First Congregational Church. When the Winthrop group of thirteen settlers came to Ipswich, “upon ascending the hill above the river they found an outcropping ledge of goodly extent, forming a sort of natural platform, and upon this rock they built their church.” This is the sixth church on this spot. The previous historic Gothic Revival church was dedicated on January 1, 1838. It  was hit by lightning in 1965, burned and had to be torn down.

This green has always been the religious and governmental heart of Ipswich. A meeting house was built here by 1636. The original church was surrounded by a high wall to protect them from the ever-present danger of Indian attacks. Nearby were the stocks and whipping post.

The gilded weathercock at the First Church in Ipswich has graced the steeple of every church at that location since the middle of the 18th Century. It looks small from a distance but is said to weigh 40 pounds.

In 1908 the trustees of First Church asked celebrated Ipswich artist Arthur Wesley Dow to recommend a color for the church, the historic gothic building in the photos below. To their shock he suggested a red that was almost purple, but they went with it. Until it was repainted white in the 1940’s the church on the hill was called “the Red Church”.

At the suggestion of famous Ipswich artist Arthur Wesley Dow, the First Church was painted a shade of red that was almost purple.

The steeple on the old church was so tall that the rooster was 150 feet of the ground. Harold Bowen wrote that an old-timer named Raymond Dodge had helped paint the church. He accepted a $5 wager from Angus Savory who operated a drug store in the Odd Fellows building across the road to climb up and sit on the rooster’s back. His weight drove the rooster tight on its pivot and it took several months before a good wind storm loosened it so that it could rotate again.first-church-inside

Chuck Cooper tells us that at one point in time his grandfather, Charles Rand, who was a plumber in Ipswich, repaired the weathercock. He used a blow torch to re-solder the pennies which are the “eyes” of the rooster.

Lightning hit the steeple of the previous First Church building in 1965, and the church was replaced by the present brick building.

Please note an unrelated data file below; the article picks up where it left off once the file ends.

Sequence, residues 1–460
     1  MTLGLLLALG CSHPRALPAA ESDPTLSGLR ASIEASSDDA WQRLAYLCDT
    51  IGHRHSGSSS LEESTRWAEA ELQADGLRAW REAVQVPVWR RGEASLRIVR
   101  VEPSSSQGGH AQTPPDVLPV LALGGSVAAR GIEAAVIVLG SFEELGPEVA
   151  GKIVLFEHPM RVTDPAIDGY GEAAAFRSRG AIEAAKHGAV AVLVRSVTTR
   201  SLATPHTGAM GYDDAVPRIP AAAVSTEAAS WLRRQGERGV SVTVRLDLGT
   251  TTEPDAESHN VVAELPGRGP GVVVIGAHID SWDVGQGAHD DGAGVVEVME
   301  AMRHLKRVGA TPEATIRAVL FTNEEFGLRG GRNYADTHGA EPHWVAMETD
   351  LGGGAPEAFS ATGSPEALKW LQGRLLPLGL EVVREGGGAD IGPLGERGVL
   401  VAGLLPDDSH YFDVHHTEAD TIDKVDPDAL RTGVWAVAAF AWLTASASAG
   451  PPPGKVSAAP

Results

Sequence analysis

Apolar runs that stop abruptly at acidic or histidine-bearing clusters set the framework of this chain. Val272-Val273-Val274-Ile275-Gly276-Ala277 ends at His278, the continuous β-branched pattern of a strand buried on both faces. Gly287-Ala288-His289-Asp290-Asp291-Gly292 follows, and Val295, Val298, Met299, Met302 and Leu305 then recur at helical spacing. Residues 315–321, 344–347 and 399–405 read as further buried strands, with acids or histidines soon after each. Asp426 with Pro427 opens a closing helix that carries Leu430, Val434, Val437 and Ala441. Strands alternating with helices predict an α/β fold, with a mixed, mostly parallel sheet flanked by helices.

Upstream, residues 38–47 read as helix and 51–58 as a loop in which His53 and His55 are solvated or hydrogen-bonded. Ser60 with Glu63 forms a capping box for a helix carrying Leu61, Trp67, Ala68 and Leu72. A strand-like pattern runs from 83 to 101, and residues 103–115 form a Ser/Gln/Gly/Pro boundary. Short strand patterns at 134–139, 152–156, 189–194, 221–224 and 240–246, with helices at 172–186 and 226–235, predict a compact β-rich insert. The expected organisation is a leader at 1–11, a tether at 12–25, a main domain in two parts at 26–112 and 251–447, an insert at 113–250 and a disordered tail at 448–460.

On June 18, 1965, lightning hit the steeple on the old Gothic church and the building was destroyed by fire. This steeple had also been hit by lightning in 1915. When the steeple was repaired the rooster was at first not reattached. Ipswich photographer George Dexter created a postcard of the rooster and sold enough to pay for its re-installment. The note on the card read,

“For many years I’ve served ye town
For many things I love it.
And though just now I feel cast down
I hope to rise above it.

First Church was destroyed beyond repair by the 1965 fire. Photo provided by Linda George Grimes
First Church was destroyed beyond repair by the 1965 fire. Photo provided by Linda George Grimes
This rooster weather vane displayed at the Peabody Essex Museum was created by Thomas Drowne in 1771 and is nearly identical to the one on the First Church steeple.
Read two stories by Harold Bowen about the rooster atop First Church in Ipswich
The former building of the First Church in Ipswich, 1846 – 1965
First Church 1749 – 1846. A section of the frame of this church was used to build the Jewett house on Water Street near the corner with Green Street.
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Christmas Card
Painting of the old First Church
Painting of the old First Church by Franklin Butler Mitchell


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2 thoughts on “First Congregational Church, 1 Meeting House Green

  1. My name is Sharon Thomas Hamann, born and raised in Ipswich, and now living in Las Vegas. I was one of many who stood in front of the Cogswell Apartments, watching this beautiful church burn, and it was burning in the pouring rain.
    The painting of the church, done by Franklin Butler Mitchell, was done by my great uncle, and grandfather of Bill Mitchell, Turkey Shore Road. The Mitchell’s were decades long residents of Ipswich, and Mitchell Rd. was named after them…….they had a farm that spanned from Mitchell Rd. to the Rowley town line before they started selling it off, parcel by parcel. Their in-town home was the now Porter Funeral Home. (My mother, Eleanor Mitchell Thomas was Franklin Mitchell’s neice.)
    One other bit of information: My uncle was a retired Army Lt. Col., who suffered from shell shock from WWI, and shook constantly until he put a paint brush in his hand, then all of the shaking ceased. He was an art teacher in the Quincy, MA school system, but spent summers in his summer camp on Eagle Hill, with his wife Mildred and their children. He also gave art lessons at Crane’s Castle every summer, and had painted many other scenes all over the North Shore, Rockport being one of his favorite places. His medium was always water colors, and that is one of the hardest mediums to paint with. I have a wonderful painting of houses in Rockport, but he also loved the water scenes around Rockport, painted them and gave them as gifts to other family members. He also painted a picture of the Ascension Memorial Episcopal Church in Ipswich, and it hangs either in the rectory, if still there, or the church itself, and the little girl figure in the painting is actually me. I was there while he was putting the finishing touches on the painting, when he asked me to pose in front of the church. Wonderful memories. Sharing them is fun.

  2. I would like to know if this is the church attended by Judson Moss Bemis and Alice Cogswell Bemis attended?

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